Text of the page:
Pregnancy teaches you lessons that only another woman that has been pregnant will understand.
For one, you are out of control of your body. You are completely in touch with every transforming moment your body experiences and you surrender to the process of your body rapidly changing.
You learn patience.
It’s humbling on a daily basis.
Teaching yoga while pregnant has been a fascinating journey of learning limitations and I have had to learn how to teach in a completely different way. No longer can I demonstrate and practice certain asanas, especially forward and backward bends.
My mind trips over itself because I can still feel the sensation of paschimottanasana or ustrasana in my body, and my mind thinks that maybe it’s possible even though it’s far from possible right now.
You learn quickly that even though your body is in a complete act of creation, which is incredible, it has its limits.
As a teacher, I can see how every single human body has its own unique set of limitations, and yet, we strive to move through these limitations, sometimes hurting ourselves. I’ve learned through pregnancy to surrender and honor the process. Thus, the teaching changes to incorporate less demonstrating, and more communication through verbal cues and working with another student to demonstrate the asana.
However, the thing about being approximately eight months pregnant is that somehow your memory and mental capacity to remember such things like your students names or that an elbow is clearly not a knee is embarrassing. The mind goes, “Um, I can’t remember what that is called,” and proceeds to tiresomely struggle for the right word to that part that helps the leg move.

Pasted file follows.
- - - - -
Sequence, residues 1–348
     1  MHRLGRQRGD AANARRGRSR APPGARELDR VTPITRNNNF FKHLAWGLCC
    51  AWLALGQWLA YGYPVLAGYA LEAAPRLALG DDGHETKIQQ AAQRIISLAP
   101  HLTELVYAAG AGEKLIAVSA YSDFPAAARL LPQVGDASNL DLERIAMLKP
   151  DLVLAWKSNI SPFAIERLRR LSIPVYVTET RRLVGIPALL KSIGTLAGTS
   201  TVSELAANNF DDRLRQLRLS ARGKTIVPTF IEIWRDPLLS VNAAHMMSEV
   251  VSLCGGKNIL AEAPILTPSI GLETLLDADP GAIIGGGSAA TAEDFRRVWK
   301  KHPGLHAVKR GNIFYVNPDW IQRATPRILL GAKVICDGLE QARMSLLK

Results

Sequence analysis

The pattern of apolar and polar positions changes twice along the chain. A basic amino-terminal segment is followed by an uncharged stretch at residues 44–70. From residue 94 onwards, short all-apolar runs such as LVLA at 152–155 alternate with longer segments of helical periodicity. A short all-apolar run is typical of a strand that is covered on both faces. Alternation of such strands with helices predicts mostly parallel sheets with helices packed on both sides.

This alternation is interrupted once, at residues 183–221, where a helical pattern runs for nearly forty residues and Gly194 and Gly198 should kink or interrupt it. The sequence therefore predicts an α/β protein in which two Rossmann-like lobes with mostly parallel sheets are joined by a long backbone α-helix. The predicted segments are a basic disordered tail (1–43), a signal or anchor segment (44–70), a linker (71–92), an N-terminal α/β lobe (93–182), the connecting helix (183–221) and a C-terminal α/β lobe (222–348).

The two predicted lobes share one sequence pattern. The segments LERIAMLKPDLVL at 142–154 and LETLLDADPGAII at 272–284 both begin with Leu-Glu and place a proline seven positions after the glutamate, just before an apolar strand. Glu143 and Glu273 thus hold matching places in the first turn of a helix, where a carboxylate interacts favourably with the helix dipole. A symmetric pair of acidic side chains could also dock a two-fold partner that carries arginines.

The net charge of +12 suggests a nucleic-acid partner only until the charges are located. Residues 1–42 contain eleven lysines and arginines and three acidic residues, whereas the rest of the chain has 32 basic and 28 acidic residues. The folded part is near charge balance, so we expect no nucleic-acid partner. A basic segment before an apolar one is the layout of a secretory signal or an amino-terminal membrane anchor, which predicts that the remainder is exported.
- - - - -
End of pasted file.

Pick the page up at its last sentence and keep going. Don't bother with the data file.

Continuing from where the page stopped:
I have said while teaching, “Come into a 90-degree angle in the right leg by aligning your elbow over your knee.”
Oops! Yes, on several occasions, I have blanked and forgotten body parts, asana names, Sanskrit and even the very simple naming of everyday objects, which are now named “things or that thing.” I laugh at myself and hope that my students know what I am talking about or well they just tell me, “Don’t you mean the…?”
Teaching yoga while pregnant has also been a gift in learning how to let go of the “I am a yoga teacher hear me roar and look at me” persona that has the propensity to slyly creep in.
I have an ever growing baby and belly. I am tired most days. I have random body aches I can’t describe. My body doesn’t look like it used to and I’m not feeling so limber. I have third-trimester symptoms like incredible indigestion and sleepless nights.
Yet, I am blissed out on pregnancy—communing fully on the inside with this growing being. So, there is no room for personas here, only showing up as I am, growing—belly and all.
Elizabeth Farrell is a practice manager and health coach at Unity Medicine-Integrative Medicine and Ayurveda, yoga teacher, and Reiki practitioner. After working through her own illness using energy healing, naturopathy, yoga and Ayurveda, Elizabeth moved to Santa Fe, New Mexico to complete her 200-hour yoga teacher training with Prajna Yoga and Tias Little. Elizabeth’s foundational practice comes from her 7 plus years spent studying and practicing Iyengar yoga as well as her many years of meditation practice. Her classes infuse alignment and conscious sequencing to create a balanced, and nourishing experience that allows you to go deeper into your own experience of self. You can find her writing online at http://sisterhawkreiki.wordpress.com
Like elephant yoga on Facebook.
Assistant Ed. Rebecca Schwarz
Ed: Brianna Bemel
hot on elephant
The 4 Stages of a Good Divorce. A Letter to my Children: You do not come from a Broken Home. Mom, can I Call her Mom, Too? These People are Rare Gems—Keep Them, Fight for Them, don’t Give Up on Them. An Open Letter to the Fixers. How your Stored Memories in the Amygdala can lead to PTSD. Jon Stewart makes first appearance since retiring—”it’s not your country.” Waylon shares 10 transformingly beautiful Quotes about Love. 40 Things I’ve Learned in 40 Years. The Right & Wrong kinds of Solitude we Seek.